|Newton MessagePad 100||
|The original Newton MessagePad was the result of the Newton team, comprising of Steve Capps, Walter Smith, Michael Tchao, Gaston Bastiaens, John Sculley, and several others. It was released at the Macworld Expo in Boston on August 3, 1993. It would be the first in a new line of Personal Digital Assistants (PDAs). The MessagePad was a welcome addition to Apple's Personal Interactive Electronics Division (PIE), as the first pen-based system using the Newton Intelligence OS. The main capabilities of the device was its communications and organizational features. The MP could fax messages and send e-mail, had applications to organize names, dates, phone numbers, etc., and could supposedly read and recognize handwritten words on the screen. Apple touted that one could write "Lunch with Bob tomorrow" on the screen, the MP would fill out a meeting form with the last-accessed person named Bob, tomorrow's date, and the lunch hour. This impressed several people...at first. Unfortunately, the "kinks" had not been worked out of the handwriting recognition engine, which gave often peculiar interpretations of the words that were written down. This defect made headlines, and the MP became yet another ungraceful flop for Apple. It was an extraordinary machine though, like all of Apple's flops, that was released just too early (again like all Apple flops). The MP had many features; an infrared port that could relay information between MPs, ability to print to serial and parallel printers, receive and store wireless paging messages with the optional Newton Messaging Card, share files with both Wintel and Mac computers, and use fax, e-mail, and online services with optional 9600 baud fax modem. It was about half the size of a regular sheet of paper (7.25 in. x 4.5 inches) and weighed less than a pound (0.9 lbs).|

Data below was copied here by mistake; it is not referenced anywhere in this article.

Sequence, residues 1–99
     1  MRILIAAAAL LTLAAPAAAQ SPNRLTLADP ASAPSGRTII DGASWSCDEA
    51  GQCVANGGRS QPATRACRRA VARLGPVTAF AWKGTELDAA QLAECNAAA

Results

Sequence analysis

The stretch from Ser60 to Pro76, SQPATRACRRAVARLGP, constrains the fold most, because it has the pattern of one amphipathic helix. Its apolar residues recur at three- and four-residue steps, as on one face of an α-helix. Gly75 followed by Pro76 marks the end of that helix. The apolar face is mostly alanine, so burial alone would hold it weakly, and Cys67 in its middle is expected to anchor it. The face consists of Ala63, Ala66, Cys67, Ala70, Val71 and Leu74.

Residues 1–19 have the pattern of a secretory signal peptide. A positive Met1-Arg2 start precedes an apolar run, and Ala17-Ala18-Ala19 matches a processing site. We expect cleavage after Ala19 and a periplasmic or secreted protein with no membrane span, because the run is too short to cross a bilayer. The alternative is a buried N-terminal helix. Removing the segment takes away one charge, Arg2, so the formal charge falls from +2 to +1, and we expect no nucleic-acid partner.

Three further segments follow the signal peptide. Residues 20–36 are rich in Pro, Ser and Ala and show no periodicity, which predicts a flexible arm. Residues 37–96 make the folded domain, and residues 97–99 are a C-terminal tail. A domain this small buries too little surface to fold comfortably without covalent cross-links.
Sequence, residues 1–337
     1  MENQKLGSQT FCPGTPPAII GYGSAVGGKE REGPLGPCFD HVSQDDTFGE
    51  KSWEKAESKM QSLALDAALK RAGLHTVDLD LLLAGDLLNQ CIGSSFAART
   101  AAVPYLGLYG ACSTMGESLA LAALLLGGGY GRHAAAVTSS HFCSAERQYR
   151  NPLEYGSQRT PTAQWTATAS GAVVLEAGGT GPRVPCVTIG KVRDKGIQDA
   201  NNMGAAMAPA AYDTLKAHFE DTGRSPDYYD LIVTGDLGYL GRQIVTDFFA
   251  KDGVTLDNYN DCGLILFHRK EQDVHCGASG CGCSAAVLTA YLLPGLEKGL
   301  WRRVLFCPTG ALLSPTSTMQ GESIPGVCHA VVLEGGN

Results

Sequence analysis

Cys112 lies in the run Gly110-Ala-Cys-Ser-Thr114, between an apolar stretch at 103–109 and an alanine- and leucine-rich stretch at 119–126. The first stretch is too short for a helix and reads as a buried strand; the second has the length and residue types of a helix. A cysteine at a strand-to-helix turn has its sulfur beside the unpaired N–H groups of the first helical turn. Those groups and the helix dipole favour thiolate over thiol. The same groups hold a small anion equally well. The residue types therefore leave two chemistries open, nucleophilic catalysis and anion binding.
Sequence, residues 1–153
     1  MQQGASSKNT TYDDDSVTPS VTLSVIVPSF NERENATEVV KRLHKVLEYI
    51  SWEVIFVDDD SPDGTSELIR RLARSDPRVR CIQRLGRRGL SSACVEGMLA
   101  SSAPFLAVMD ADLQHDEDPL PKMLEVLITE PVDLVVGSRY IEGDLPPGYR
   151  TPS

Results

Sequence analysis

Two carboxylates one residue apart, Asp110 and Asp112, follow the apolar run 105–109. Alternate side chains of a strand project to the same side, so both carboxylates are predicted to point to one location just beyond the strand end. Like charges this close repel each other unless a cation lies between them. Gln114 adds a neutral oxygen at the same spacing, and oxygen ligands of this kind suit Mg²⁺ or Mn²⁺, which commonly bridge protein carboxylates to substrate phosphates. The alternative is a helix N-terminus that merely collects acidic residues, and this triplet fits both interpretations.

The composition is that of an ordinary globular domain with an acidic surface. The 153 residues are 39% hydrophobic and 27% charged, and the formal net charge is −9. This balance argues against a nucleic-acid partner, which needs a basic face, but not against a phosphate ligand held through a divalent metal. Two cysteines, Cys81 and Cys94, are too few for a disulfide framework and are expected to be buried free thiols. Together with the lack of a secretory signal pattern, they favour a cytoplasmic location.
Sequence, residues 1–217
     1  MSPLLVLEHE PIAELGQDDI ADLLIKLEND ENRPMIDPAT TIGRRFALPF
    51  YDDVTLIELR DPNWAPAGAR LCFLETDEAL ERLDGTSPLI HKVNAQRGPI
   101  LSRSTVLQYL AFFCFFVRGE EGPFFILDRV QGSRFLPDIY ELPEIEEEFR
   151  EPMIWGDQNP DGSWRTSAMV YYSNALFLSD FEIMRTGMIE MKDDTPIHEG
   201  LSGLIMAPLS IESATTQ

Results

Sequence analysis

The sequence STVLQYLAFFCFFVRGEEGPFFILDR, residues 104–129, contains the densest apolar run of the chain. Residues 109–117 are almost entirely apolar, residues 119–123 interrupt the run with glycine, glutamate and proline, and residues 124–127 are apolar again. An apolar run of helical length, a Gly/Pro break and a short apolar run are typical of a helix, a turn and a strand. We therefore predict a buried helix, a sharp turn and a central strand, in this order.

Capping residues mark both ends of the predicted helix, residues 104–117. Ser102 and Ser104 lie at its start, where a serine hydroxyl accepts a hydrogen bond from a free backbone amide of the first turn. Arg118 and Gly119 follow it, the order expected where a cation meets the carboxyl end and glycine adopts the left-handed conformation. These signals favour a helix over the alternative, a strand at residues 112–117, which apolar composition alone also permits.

Code Names: Newton was the original code name.
Processor: ARM 610 processor running at 20 MHz.
Memory: 640k RAM and 4 MB ROM.
Display: reflective LCD display has a resolution of 336x240 in black & white.
Expansion: It has one PCMCIA Type II card slot
Ports: LocalTalk compatible serial port, as well as a low-power, half-duplex, infrared transceiver that transmits at 9600 baud at 1 meter.
Battery: Uses 6V AAA alkaline batteries which last 14 hours, and a 4.8V NiCd battery which lasts 4 hours.
Operating Systems: Newton Intelligence OS, versions 1.0 and 1.1.
The Newton MP was made infamous in a series of "Doonesbury" comic strips by Gary Trudeau. Characters in the strip would find that the MP found very weird interpretations for the words they had written. Trudeau had never actually seen an MP, and some say he caused the machine to be doomed to failure. Trudeau later apologized for the event. I think the Apple community was a little hard on Trudeau though, since he often criticizes Windows 95 in favor of the Mac in his strips, and he didn't say anything that wasn't true at the time.
Gaston Bastiaens, Vice President and General
Manager of PIE supposedly made a very public "bet" with
a member of the Press that the Newton would be released at Macworld
Boston '93 or he would give up his wine cellar. Since Bastiaens
adored his wine cellar, the Newton was released premature (in
regular Apple fashion) to the public. It was later called "the
grand public beta test".
Resources and Related Links:
Thanks go to the excellent Newton Gallery for the information and pictures.
Apple Tech Info Library & Apple Education products.